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Black Panther

There has been a common acceptance between Hollywood executives that films with largely black casts don’t bring in money from overseas; given that half of a film’s revenue today comes from outside the US, studios aren’t inclined to dump big budgets on “black films.” However, looking at Hollywood history, there really has never been a chance for a “black film” to do well as there has never been one with a budget over $100 million. Executives have been getting their evidence from the performances of smaller mid-budget to indie films that will never make $500 million abroad no matter the actors’ skin color. Marvel Studios has now decided to take the gamble to break this trope by giving their newest film, Black Panther a $200 million budget.

Black Panther is the latest entry in the Marvel Cinematic Universe, however the film is able to stand largely by itself. The film centers on T’Challa (Chadwick Boseman) who previously appeared as the superhero Black Panther in 2016’s Captain America: Winter Soldier; there he was busy avenging the murder of his father. In this film, T’Challa is placed on the throne and he must decide what to do with his country Wakanda. Wakanda is a fictional nation in Africa, that in this film poses as one of the poorest on the continent. However, Wakanda’s look to outsiders is all a façade; it is, in fact, one of the richest countries in the world. The reason for Wakanda’s mask is that it is home to the most valuable mineral in the world: (the fictional) vibranium.

The film does wander a bit in the first hour, as we are introduced into the wonderful world of Wakanda. The production design, visuals, and costumes are stunning, showing us a flourishing African country that was saved the ravages of colonialism. But while all this eye-candy and wonder entertains for the first 30 minutes, after a while you start to wonder where the core of the film is. We are thankfully hooked again when Michael B. Jordan shows up on screen as the villain Killmonger in the second half of the film.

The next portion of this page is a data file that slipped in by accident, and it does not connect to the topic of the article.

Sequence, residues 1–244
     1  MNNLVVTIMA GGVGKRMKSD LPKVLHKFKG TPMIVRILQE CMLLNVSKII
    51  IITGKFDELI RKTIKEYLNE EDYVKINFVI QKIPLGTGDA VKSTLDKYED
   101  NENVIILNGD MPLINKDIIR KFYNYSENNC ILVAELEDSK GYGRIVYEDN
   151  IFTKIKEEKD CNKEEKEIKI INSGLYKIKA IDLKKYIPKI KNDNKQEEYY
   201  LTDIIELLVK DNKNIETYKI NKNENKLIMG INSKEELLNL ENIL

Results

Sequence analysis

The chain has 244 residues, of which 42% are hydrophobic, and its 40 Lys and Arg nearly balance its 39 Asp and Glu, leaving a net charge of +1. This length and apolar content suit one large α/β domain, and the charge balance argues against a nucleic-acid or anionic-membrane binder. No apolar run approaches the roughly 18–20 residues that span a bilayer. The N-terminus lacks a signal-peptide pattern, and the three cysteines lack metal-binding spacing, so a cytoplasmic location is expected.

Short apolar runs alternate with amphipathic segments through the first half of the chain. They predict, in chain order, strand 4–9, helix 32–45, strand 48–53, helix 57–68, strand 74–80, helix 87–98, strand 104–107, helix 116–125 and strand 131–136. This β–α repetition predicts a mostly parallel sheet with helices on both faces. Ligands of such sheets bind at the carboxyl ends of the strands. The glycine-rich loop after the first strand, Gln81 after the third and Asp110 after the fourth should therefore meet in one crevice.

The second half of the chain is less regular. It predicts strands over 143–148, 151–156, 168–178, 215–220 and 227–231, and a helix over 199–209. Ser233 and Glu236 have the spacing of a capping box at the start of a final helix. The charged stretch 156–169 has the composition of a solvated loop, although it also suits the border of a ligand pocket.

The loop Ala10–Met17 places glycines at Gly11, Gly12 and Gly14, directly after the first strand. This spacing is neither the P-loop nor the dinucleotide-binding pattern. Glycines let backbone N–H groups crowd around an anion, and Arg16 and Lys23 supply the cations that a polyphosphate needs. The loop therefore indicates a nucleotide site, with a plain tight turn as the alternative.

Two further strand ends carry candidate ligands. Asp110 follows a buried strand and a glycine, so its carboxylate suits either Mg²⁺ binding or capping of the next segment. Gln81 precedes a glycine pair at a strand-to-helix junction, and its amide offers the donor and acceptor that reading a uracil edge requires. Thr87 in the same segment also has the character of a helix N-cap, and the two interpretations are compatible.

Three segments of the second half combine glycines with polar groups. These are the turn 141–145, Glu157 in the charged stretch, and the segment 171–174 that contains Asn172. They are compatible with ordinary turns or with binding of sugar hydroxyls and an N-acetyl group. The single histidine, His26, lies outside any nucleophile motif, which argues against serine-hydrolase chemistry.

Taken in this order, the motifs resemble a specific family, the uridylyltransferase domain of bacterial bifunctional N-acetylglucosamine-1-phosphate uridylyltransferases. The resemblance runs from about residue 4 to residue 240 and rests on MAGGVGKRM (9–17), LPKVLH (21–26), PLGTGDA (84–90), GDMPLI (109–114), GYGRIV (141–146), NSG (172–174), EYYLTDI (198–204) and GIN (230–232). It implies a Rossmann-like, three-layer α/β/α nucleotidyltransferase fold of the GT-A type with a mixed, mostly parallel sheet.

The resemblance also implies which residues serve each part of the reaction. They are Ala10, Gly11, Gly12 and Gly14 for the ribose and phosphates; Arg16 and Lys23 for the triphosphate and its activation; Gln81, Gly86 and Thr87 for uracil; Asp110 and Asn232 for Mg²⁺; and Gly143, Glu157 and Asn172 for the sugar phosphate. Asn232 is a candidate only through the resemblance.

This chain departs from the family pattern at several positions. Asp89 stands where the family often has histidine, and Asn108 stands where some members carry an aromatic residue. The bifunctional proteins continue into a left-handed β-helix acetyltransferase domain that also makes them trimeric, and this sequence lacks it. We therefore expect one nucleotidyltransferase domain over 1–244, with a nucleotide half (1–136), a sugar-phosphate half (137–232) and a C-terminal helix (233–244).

Black Panther is a very political movie, but for reasons different than what you might expect. At the core of the plot is the dilemma of isolationism (which has kept Wakanda safe) versus globalization (to help nearby suffering peoples); Killmonger is for the latter and proves to have some very compelling arguments, making you seriously doubt which side you want to win in this film. But director Ryan Coogler is also able to infuse the film with an incredible fun and a fascinating mythology as well, so that by the time the film ends you’re left wanting for more of everything.

There will be many articles and essays and even books detailing the different social and political aspects that this film touches upon, so I won’t adive into them here. But from a cinematic perspective, Black Panther is one of the best Marvel films to date, it is able to stand on its own yet be part of the bigger cinematic universe; it gives us deeply rooted and dimensional characters, fun action sequence straight out of a James Bond film, and an inspiring story for kids and adults everywhere.



About Young Critic

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I've been writing on different version of this website since February of 2013. I originally founded the website in a film-buff phase in high school, but it has since continued through college and into my adult life. Young Critic may be getting older, but the love and passion for film is forever young. 

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